Of course, publishers are already becoming much less tentative than they were in the past, even 1 or 2 years ago. I estimate that premium RTB will still double this year from last year. There's not that much fear holding them back anymore, but few publishers are all in the way they will be and the way they need to be.

The way things work today is still too clunky and labor intensive for the average buyer/trader. The demand for premium inventory in RTB exists today; it's waiting for the publishers to meet the call to action.

For publishers, and for the ecosystem, if we can change the "I-don't-want-to-be-fully-transparent-yet" mindset, we can make this ecosystem really thrive and grow exponentially, because publishers will have figured out how to finally monetize their audiences in a sustainable way.

The future is not the 2004 way to grow revenue, which was to just throw another tag on every page and add 25% to your inventory.

The future is about making your inventory more desirable than other inventory. Bottom line, expensive products in any marketplace are sold with lots of details about why they are the superior products, not by selling the unknown item behind door number two. And RTB is the only way to get price discovery at scale.

Now, to get back to the original question about house ads…

In a world where there's much more supply than there is demand, in the short-term, a publisher can take some of their ads out of circulation, use them for their own monetization, and actually increase the scarcity of their inventory as a result.

By creating some amount of scarcity, publishers can increase their CPM rates, perhaps so much so that they can compensate for the impressions that they took out of circulation. Those same house ads let them market their own product or their own brand, or cross-promotions of their own sites. Publishers could still make the same amount of money with the other impressions, which is a step in the right direction toward a world with slightly less supply.

In the long term, consumers need to see fewer ads per page in order to make the ads more effective. It may seem sort of strange for somebody on the buy side to be saying that we want fewer ads. Nevertheless, in order for us to get to the place where RTB and price discovery is at the center of the online advertising universe and publishers are not as afraid as they are today of exchanges, we have to create the ecosystem of higher CPMs. We, as an industry, have to make the digital advertising the most effective advertising ever…not just the most confusing.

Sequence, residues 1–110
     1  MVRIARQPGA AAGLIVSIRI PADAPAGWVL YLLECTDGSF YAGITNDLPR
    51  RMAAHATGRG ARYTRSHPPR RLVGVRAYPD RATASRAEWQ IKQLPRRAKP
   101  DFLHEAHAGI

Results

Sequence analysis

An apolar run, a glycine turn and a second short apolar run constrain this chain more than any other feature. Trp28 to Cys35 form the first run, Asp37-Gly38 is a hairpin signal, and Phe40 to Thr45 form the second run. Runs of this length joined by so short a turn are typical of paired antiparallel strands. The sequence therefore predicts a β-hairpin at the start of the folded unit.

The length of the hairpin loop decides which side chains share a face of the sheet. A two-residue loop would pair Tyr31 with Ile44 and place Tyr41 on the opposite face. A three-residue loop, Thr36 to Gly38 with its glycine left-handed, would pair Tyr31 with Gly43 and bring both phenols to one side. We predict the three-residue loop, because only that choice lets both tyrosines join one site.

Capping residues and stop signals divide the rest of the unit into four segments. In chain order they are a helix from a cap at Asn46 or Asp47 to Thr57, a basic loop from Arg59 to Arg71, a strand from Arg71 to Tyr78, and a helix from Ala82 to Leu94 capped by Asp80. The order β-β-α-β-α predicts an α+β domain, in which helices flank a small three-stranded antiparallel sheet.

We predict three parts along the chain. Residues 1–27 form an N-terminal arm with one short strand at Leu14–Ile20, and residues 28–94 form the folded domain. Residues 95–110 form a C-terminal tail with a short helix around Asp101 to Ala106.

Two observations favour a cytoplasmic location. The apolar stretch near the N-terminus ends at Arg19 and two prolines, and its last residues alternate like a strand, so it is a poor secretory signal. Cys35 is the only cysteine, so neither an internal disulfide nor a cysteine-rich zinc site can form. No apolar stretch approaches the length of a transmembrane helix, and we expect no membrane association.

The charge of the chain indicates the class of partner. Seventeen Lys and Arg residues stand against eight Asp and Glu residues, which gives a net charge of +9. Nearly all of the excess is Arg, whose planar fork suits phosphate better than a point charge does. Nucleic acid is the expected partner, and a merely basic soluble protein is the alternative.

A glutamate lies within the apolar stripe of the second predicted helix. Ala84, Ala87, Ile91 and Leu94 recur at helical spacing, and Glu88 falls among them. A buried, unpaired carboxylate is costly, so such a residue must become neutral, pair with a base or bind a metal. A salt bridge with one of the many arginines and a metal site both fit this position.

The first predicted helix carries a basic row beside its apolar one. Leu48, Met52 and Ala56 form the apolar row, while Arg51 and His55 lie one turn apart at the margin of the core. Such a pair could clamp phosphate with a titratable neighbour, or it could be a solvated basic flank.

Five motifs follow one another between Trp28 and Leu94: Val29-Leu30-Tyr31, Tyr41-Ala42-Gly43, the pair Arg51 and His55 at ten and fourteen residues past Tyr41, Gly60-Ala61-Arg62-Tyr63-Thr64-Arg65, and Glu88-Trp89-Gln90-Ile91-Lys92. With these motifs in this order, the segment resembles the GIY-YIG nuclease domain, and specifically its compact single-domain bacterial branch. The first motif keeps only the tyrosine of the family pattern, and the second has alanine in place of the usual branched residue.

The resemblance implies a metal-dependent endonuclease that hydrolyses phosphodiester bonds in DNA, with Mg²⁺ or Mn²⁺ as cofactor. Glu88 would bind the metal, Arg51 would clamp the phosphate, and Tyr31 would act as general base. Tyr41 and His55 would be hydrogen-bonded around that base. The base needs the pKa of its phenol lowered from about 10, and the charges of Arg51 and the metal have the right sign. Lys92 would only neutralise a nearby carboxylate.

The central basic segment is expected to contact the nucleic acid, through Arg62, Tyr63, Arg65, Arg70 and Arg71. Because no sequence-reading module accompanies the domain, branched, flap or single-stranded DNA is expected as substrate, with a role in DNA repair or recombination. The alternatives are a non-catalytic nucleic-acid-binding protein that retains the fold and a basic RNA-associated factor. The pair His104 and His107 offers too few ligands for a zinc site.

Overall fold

Once we've trimmed the inventory a bit, become more transparent, and welcomed more demand, I think we'll see the sell-side begin acting a lot more like the buy-side, where publishers can do a much better job of assigning a value to every impression they sell, and better understand the opportunity cost of running a house ad vs. selling the same impression on the open market. And house ads will be expensive, deliberate marketing—not just a filler, default ad.

Follow The Trade Desk (@thetradedeskinc) and AdExchanger (@adexchanger) on Twitter.

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One Response to “How Can House Ads And Oversupply Of Display Work Together Effectively?”


  1. Diego Panama says:

    Nice post, Jeff. I'm not convinced that we are "in a world where there is much more supply than there is demand." That may be true if you consider all impressions to be equal but I don't think buyers see it that way. In the content vs audience spectrum, I believe the majority of marketing dollars lean towards content and I don't think there is necessarily a lot more quality supply than there is demand for it (define quality by the fact that a marketer would be willing to pay a premium to know that it will run there). This could get really interesting if we would measure supply by the number of "quality cookies on quality content" out there. I would bet that kind of supply is even more scarce.